• Show Bio for Joe McPhee
"Joe McPhee, born November 3,1939 in Miami, Florida, USA, is a multi-instrumentalist, composer, improviser, conceptualist and theoretician. He began playing the trumpet at age eight, taught by his father, himself a trumpet player. He continued on that instrument through his formative school years and later in a U.S. Army band stationed in Germany, at which time he was introduced to performing traditional jazz. Clifford Thornton's Freedom and Unity, released in 1969 on the Third World label, is the first recording on which he appears as a side man. In 1968, inspired by the music of Albert Ayler, he took up the saxophone and began an active involvement in both acoustic and electronic music.
His first recordings as leader appeared on the CJ Records label, founded in 1969 by painter Craig Johnson. These include Underground Railroad by the Joe McPhee Quartet (1969), Nation Time (1970), Trinity (1971) and Pieces of Light (1974). In 1975, Swiss entrepreneur Werner X. Uehlinger release Black Magic Man by McPhee, on what was to become Hat Hut Records.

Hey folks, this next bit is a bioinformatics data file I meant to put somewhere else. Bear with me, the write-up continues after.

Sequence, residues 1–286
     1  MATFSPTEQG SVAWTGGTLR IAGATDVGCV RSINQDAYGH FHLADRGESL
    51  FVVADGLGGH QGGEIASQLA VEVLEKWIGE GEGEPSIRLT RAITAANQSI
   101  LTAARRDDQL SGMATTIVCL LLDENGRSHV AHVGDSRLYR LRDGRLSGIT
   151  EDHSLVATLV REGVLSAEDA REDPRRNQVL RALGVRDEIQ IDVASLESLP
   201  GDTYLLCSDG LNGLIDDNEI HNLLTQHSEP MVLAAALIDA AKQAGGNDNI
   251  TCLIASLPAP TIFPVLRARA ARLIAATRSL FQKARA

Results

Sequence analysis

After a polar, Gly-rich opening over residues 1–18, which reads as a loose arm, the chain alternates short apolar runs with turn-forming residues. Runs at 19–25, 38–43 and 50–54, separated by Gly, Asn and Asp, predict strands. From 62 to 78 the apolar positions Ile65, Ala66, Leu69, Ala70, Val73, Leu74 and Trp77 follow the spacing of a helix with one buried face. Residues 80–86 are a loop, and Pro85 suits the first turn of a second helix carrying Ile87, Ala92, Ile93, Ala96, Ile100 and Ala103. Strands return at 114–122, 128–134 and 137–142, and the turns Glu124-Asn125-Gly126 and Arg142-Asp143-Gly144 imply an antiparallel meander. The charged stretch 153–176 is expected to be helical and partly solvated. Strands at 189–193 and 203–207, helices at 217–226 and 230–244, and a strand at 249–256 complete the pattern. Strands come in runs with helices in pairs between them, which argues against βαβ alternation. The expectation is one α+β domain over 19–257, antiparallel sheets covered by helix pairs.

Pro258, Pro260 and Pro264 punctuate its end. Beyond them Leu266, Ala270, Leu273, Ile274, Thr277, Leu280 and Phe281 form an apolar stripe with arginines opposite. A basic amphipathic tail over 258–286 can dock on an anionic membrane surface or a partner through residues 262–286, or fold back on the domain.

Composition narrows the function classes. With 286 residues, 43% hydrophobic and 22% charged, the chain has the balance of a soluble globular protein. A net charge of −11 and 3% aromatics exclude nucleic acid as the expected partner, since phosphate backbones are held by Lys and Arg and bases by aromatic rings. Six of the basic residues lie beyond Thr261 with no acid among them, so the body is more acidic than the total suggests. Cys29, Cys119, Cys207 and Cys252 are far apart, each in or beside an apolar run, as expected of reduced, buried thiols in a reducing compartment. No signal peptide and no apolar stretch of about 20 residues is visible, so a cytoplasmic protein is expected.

In 1981, he met composer, accordionist, performer, and educator Pauline Oliveros, whose theories of "deep listening" strengthened his interests in extended instrumental and electronic techniques. he also discovered Edward de Bono's book Lateral Thinking: A Textbook of Creativity, which presents concepts for solving problems by "disrupting an apparent sequence and arriving at the solution from another angle." de Bono's theories inspired McPhee to apply this "sideways thinking" to his own work in creative improvisation, resulting in the concept of "Po Music." McPhee describes "Po Music" as a "process of provocation" (Po is a language indicator to show that provocation is being used) to "move from one fixed set of ideas in an attempt to discover new ones." He concludes, "It is a Positive, Possible, Poetic Hypothesis." The results of this application of Po principles to creative improvisation can be heard on several Hat Art recordings, including Topology, Linear B, and Oleo & a Future Retrospective.
In 1997, McPhee discovered two like-minded improvisers in bassist Dominic Duval and drummer Jay Rosen. The trio premiered at the Vision Jazz Festival in 1998 but the concert went unnoticed by the press. McPhee, Duval, and Rosen therefore decided that an apt title for the group would be Trio X. In 2004 he created Survival Unit III with Fred Lonberg-Holm and Michael Zerang to expand his musical horizons and with a career spanning nearly 50 years and over 100 recordings, he continues to tour internationally, forge new connections while reaching for music's outer limits."-Joe McPhee Website (http://joemcphee.com/bio.html)